Tesla will undoubtedly be working out the kinks of new technologies for some time. So, expect more bumps in the road. Further, the company's customer-focused approach to service is going to look far different than what owners with internal combustion vehicles are used to. But one thing is clear: Tesla is dead set on revolutionizing vehicle service -- and owner satisfaction seems to suggest that the new approaches Tesla is taking are working.

Tesla is confident that the low maintenance profile will shine through over time. After adding perspective about the drive unit replacements during the call, Musk boldly asserted, "[W]e're going to be at it hard core until that car is 10x better than any other car on the road."

So, should investors worry about drive unit replacements, maintenance, or service for Tesla vehicles? Not at all. In fact, these areas look poised to be aspects in which Tesla could potentially set the golden standard and build out competitive advantages.

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Read/Post Comments (10) | Recommend This Article (16)

Comments from our Foolish Readers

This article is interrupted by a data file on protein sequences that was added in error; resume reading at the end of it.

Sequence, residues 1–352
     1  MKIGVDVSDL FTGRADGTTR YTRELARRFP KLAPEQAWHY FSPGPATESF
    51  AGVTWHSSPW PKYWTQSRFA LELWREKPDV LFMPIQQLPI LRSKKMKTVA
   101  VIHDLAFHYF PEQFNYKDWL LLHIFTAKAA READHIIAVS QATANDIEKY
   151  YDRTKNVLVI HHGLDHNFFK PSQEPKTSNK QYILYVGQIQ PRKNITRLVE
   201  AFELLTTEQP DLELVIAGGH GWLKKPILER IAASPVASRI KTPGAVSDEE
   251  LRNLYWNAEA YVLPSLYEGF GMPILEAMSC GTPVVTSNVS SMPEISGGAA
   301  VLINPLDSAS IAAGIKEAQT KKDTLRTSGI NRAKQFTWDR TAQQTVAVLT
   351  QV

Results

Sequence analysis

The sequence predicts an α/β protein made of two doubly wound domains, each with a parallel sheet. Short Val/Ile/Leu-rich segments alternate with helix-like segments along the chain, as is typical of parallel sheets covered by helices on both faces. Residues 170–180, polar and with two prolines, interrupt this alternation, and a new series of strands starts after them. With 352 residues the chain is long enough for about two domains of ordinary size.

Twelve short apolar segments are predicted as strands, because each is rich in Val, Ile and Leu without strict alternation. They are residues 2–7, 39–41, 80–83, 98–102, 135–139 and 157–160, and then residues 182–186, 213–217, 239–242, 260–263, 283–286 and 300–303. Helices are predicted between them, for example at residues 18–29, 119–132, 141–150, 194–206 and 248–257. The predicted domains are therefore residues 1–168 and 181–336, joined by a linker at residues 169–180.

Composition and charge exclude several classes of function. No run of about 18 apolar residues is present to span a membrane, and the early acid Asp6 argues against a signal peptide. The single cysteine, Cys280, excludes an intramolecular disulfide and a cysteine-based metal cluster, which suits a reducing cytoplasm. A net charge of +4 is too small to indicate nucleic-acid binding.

Help us keep this a respectfully Foolish area! This is a place for our readers to discuss, debate, and learn more about the Foolish investing topic you read about above. Help us keep it clean and safe. If you believe a comment is abusive or otherwise violates our Fool's Rules, please report it via the Report this Comment Report this Comment icon found on every comment.

  • Report this Comment On August 10, 2014, at 2:43 PM, RobertFaheyJr wrote:

    Reasoning by analogy: "Gee, a drive unit? That must be the equivalent of a gas car's engine. If there's an issue there, yuck-o-rama!"

  • Report this Comment On August 10, 2014, at 2:45 PM, RobertFaheyJr wrote:

    Once again, the Model S has confused the press, which thinks by analogy, you see . . .

  • Report this Comment On August 11, 2014, at 12:33 AM, HiddenGems07 wrote:

    My drive unit was replaced 2 weeks ago - tires were dangerously worn on inner edge (rest of tread was maybe 20% worn) - the tire issue concerns me more than the drive unit, but I think there is a fundamental issue with that "instant" torque - I'd be cool with them dialing it back a bit (slower ramp to speed) if it extends the life of the drive units.

    Tire configuration / set-up has to be changed - $1K in tires every 20K miles is a bit much.

    I think Musk pretty much said "these are not the droids you seek" on the call and everyone gave him a pass - and he probably deserves it if his commitment to over-delivering on solutions stays solid. I'm pretty sure my drive unit was a remanufactured one - so it might have only been a 3-4k cost to Tesla. (REMAN was on the part description)